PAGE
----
Baby loggerhead sea turtles' first challenge in life is a wobbly dash across the sand. KEMAL ASLAN / AFP

The baby loggerhead sea turtles emerged from their eggshells and began their first challenge in life: a wobbly dash across the sand to the moonlit waters of Türkiye’s Mediterranean coast -- sometimes with a helping hand from volunteers.
It is a perilous journey into the unknown for the sea turtles as only about one in 1,000 hatchlings will survive to adulthood.
Some 25 years later, the females will return to the beach where they were born to lay their own eggs.
Despite grave threats from humans and predators such as birds, crabs and ants, protection measures are bearing fruit on Türkiye's southern coast.
In Manavgat, a tourist hotspot nestled in the foothills of mountains and prized for its golden sands and stunning waterfall, the number of nests has doubled from last year to 700.
A group of volunteers holds vigil around the clock along the 10-kilometer (six-mile) coastline, located east of the local tourism capital of Antalya.
It is a major breeding area for the globally endangered loggerheads -- also known as caretta caretta -- which are on the International Union for Conservation of Nature's (IUCN) red list of threatened species.
"Our average estimate this year is around 60,000 eggs; 30,000 of them will become babies; only 30 of them will come back years later" to breed, Seher Akyol, founding president of DEKAFOK marine conservation center, told AFP.
Red lights
Türkiye's southern coast is home to 21 official nesting areas -- eight of them in Antalya alone.
Protection measures have been put in place such as limiting the use of light and the speed of sea vessels.
Many beaches are declared protected areas and are off-limits from 8 pm to 8 am.
Manavgat, though, is not one of them, so volunteers have taken on the task of protecting the breeding nests.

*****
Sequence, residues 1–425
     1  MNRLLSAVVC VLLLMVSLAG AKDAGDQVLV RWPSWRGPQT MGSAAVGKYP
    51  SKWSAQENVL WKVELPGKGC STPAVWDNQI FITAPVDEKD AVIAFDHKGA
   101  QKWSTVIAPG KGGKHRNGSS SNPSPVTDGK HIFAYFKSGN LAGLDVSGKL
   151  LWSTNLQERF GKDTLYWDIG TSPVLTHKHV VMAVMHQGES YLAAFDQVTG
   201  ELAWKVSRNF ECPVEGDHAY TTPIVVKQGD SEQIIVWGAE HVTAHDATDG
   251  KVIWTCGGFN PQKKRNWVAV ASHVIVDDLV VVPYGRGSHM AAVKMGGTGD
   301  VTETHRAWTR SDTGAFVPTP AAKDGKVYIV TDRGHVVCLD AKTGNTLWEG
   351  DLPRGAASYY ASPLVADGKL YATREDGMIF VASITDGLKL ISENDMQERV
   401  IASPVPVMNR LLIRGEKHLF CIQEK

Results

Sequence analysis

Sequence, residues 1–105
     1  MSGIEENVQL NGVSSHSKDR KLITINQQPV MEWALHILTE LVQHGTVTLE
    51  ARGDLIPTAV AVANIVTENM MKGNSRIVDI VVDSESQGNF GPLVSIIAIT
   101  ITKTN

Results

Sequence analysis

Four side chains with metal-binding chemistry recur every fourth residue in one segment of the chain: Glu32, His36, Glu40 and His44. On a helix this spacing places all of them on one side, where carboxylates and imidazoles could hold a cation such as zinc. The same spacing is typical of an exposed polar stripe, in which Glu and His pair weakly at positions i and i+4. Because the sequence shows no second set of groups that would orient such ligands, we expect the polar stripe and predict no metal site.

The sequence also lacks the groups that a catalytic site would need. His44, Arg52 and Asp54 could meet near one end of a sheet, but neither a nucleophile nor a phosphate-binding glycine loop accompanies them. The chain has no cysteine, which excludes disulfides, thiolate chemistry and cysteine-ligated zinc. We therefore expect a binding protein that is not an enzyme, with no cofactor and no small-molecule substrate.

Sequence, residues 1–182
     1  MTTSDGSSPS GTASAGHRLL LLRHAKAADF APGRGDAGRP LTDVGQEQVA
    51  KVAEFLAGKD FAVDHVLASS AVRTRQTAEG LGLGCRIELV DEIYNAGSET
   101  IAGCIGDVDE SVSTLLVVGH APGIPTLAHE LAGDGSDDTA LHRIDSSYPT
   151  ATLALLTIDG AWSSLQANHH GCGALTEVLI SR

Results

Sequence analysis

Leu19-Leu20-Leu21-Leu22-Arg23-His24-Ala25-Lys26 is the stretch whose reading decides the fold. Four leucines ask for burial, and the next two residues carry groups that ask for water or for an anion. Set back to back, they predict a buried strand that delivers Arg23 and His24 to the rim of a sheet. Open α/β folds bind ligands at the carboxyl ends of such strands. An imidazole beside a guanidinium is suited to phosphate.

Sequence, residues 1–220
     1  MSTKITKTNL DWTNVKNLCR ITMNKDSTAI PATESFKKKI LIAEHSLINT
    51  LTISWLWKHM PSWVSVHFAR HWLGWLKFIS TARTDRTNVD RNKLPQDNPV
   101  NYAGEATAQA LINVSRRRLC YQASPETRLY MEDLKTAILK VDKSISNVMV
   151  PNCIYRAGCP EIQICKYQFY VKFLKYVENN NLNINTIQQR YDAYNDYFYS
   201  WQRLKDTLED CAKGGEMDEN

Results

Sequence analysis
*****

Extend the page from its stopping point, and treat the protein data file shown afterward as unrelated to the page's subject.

Akyol's volunteers, including young students from all over Türkiye and abroad, mark the nests, framing them with sticks and keeping the eggs protected from sunbathers.
At night, they patrol beaches, dig in nests with their bare hands and, donning white gloves, help baby turtles break from their shells and crawl to the sea.
Local officials also support volunteer initiatives.
Manavgat's mayor, Niyazi Nefi Kara, has placed red lights on roadsides along the coast. Signs that read "Attention! Caretta Nesting Area" dot the beach.
Under the environment law, anyone who damages sea turtles and their nests can be fined 387,141 liras ($11,700).
Kara said his office takes advice from "scientists and environmentalists" on protecting the turtles.
"After all, we need to learn how to live in harmony with nature," he said.
Akyol added that "people and caretta caretta can live together".
Songul Sert, 33, who was picnicking with her family around a wooden table near the beach, said "we do our best so as not to usurp their living space" with help from the signs.
Another local, Hasan Gulec, said that previously a lack of signs meant that "nobody knew where they were breeding, so anyone could walk on nests".
However, an AFP team saw some hotels along the beach still using the bright white lights that anger environmentalists.
-Climate change-
Loggerheads, whose overall numbers are unknown, can live for up to 80 years. Their weight ranges from 90-180 kilograms (200-400 pounds) and they can reach 1.2 meters (four feet) in length.
The small percentage of hatchlings that return to the beach to breed is why "they are endangered and need to be protected," Professor Mehmet Cengiz Deval of Akdeniz University's faculty of fisheries told AFP.
Loggerhead sea turtles are found primarily in subtropical and temperate regions of the Atlantic, Pacific and Indian Oceans, and in the Mediterranean Sea.
According to IUCN, the Mediterranean loggerhead is considered of "least concern", though the species remains vulnerable globally.
Climate change is also a factor that threatens the species.
The sex of hatchlings is determined by the temperature of the sand: cooler temperatures produce males and warmer ones produce females.
High temperatures from July onwards means that "most of the babies are females," Deval said.
"If this trend continues, in 30-40 years females will be the majority and there will be no male partners for them to breed. This is the biggest danger."
Akyol, who dreams of building a rehabilitation center to treat injured turtles, cannot hide her excitement each time she sends them off to the water.
"I cannot forget their last look before meeting with the water," she said. "It's as if they show how grateful they are."